I understand how upsetting it can be, looking for jobs and feeling so uninspired by what’s out there, cause it doesn’t fit who you are; I’ve been – and continue to be – there! I would like to say that even if you do take a job as a means to an end, to just treat it like a job and keep your energy and perspective on your writing outside of work, but that’s easier said than done! It’s something I’m still working on.

    But, chin up! Mx

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  2. Liz says:

    Hi Michelle,

    Thanks for commenting, it makes me feel better to know that other people are going through a similar thing with the same feelings. I know that we will get there, and even though things sometimes feel bleak, it doesn’t mean that things won’t change. I’ve decided to be more proactive and ask if I can volunteer, for example, in a certain specialist library which might give me a good experience. Then of course to keep plugging away with the writing.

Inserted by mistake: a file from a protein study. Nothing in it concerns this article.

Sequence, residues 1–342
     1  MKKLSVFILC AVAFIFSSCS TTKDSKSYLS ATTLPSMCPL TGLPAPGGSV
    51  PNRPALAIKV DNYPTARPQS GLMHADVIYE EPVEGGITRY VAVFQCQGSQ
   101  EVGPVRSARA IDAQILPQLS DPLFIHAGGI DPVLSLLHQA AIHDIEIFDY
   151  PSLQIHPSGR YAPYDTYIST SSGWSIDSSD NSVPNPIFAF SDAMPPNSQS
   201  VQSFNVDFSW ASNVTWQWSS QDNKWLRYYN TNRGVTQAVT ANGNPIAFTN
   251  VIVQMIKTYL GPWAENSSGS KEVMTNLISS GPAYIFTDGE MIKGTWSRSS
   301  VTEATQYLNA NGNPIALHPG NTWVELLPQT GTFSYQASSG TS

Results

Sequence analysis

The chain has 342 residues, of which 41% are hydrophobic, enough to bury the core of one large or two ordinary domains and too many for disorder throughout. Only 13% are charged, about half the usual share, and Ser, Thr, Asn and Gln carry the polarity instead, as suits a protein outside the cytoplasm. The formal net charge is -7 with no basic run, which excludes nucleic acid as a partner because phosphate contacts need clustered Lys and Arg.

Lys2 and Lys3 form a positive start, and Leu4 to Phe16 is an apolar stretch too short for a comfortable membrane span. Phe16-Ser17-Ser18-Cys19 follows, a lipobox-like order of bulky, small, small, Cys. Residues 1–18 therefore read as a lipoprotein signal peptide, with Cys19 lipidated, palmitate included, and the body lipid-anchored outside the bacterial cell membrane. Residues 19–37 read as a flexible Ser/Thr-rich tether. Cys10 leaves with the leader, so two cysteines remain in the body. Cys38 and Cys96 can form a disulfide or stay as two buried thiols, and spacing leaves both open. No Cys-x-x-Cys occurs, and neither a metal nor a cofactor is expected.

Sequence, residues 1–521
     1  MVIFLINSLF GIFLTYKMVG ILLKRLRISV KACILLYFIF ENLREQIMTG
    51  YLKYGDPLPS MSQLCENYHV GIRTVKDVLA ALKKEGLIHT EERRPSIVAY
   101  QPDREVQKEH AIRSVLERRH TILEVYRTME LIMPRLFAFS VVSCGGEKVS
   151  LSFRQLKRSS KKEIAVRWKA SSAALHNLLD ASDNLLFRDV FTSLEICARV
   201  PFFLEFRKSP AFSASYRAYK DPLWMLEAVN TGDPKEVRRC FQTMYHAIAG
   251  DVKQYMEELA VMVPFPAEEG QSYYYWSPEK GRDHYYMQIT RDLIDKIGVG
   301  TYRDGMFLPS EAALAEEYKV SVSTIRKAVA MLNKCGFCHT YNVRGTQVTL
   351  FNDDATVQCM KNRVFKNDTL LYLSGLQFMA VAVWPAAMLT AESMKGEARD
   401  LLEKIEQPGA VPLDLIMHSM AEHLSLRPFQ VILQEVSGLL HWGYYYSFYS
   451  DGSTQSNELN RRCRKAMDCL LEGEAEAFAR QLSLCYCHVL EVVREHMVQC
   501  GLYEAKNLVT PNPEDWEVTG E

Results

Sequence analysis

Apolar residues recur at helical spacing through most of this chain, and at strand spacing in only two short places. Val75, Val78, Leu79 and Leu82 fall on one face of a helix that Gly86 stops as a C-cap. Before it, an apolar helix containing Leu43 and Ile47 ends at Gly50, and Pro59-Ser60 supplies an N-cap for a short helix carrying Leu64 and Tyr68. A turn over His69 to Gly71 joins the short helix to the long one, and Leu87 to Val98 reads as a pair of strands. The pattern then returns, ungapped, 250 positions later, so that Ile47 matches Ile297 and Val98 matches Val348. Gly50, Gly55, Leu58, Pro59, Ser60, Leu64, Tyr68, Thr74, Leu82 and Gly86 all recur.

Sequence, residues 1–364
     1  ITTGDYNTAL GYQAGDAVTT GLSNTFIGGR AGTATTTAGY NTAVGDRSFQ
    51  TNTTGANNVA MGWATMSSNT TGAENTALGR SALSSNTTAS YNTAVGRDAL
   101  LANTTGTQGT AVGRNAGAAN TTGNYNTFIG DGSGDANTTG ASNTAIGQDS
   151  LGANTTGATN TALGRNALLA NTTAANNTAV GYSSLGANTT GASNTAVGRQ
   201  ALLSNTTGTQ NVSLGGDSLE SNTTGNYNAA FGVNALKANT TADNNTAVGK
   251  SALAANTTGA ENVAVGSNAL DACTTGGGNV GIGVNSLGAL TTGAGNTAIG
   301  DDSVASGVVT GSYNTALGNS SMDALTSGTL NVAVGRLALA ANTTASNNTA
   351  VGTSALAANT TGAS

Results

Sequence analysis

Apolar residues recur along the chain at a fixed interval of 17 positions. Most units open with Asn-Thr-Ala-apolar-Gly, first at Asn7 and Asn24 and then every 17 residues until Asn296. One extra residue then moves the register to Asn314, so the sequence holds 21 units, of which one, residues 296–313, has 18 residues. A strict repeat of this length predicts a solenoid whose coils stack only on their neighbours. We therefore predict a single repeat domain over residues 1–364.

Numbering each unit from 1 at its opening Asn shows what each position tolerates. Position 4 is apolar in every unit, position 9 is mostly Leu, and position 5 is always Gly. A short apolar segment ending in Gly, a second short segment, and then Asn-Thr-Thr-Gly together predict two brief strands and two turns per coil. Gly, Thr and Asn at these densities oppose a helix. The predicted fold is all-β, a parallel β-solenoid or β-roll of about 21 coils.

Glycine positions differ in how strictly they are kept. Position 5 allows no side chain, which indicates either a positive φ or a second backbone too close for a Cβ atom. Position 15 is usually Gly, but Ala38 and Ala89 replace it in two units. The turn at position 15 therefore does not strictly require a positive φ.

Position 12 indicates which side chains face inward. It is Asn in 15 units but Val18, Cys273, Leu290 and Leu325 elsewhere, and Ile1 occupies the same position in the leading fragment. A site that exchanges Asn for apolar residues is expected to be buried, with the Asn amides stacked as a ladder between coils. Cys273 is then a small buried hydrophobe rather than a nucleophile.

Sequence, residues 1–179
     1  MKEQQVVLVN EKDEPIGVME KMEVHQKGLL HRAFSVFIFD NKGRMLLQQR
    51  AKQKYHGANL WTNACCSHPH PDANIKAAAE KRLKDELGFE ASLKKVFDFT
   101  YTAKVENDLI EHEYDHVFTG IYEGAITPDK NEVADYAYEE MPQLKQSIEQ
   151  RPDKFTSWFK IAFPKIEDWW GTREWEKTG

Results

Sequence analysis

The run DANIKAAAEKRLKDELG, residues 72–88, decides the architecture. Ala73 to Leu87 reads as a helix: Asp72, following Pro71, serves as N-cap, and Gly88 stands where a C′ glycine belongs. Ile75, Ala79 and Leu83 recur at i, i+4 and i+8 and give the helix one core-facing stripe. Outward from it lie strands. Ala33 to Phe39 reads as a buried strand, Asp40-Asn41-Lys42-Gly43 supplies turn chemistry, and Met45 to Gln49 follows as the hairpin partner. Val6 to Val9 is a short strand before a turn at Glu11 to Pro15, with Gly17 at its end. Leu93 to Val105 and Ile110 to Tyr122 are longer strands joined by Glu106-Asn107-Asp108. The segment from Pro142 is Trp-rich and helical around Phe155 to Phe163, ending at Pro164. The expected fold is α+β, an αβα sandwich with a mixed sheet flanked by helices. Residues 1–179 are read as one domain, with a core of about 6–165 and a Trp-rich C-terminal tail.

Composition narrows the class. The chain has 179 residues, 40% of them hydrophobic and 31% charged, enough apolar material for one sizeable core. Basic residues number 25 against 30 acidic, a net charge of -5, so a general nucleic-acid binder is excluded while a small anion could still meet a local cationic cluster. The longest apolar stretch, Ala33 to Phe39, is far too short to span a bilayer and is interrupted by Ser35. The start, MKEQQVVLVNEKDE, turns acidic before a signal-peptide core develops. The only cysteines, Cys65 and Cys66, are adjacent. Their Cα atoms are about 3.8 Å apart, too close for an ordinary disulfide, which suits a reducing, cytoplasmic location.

I don’t think anyone should feel guilty for choosing something other than working in an office job or day job. If that isn’t what you want from life then there are other things we can do. I don’t know, I think it’s hard not to feel like we’re slating office jobs, when we’re not and it just isn’t right for us. People have fought to get everyone more choice, so we can be freer than they were (I’m reading The Women’s Room by Marilyn French at the moment – brilliant). It’s inspiring to other people, not just ourselves when people go for their dreams.

    Chin up to you too! 🙂 xx

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  3. diddums says:

    “…you can’t blame me for feeling torn between trying to change the world and retreating into a fictional world of books and the internet.”

    I empathized with that so much I sat still after reading it! I suppose it’s such an uphill struggle as most people don’t realize there could be any other way of being.